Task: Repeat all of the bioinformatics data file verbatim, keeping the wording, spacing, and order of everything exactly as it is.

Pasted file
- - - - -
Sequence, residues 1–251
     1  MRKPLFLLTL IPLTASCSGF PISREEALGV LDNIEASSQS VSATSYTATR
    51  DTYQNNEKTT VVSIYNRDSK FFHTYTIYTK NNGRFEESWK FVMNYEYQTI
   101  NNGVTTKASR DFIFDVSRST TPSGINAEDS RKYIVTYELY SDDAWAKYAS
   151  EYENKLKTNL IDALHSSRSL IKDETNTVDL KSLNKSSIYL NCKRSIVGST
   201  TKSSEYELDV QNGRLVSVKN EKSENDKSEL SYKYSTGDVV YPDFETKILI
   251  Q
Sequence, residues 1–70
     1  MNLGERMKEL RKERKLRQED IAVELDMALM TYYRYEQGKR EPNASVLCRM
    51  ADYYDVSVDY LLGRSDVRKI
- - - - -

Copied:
Sequence, residues 1–251
     1  MRKPLFLLTL IPLTASCSGF PISREEALGV LDNIEASSQS VSATSYTATR
    51  DTYQNNEKTT VVSIYNRDSK FFHTYTIYTK NNGRFEESWK FVMNYEYQTI
   101  NNGVTTKASR DFIFDVSRST TPSGINAEDS RKYIVTYELY SDDAWAKYAS
   151  EYENKLKTNL IDALHSSRSL IKDETNTVDL KSLNKSSIYL NCKRSIVGST
   201  TKSSEYELDV QNGRLVSVKN EKSENDKSEL SYKYSTGDVV YPDFETKILI
   251  Q
Sequence, residues 1–70
     1  MNLGERMKEL RKERKLRQED IAVELDMALM TYYRYEQGKR EPNASVLCRM
    51  ADYYDVSVDY LLGRSDVRKI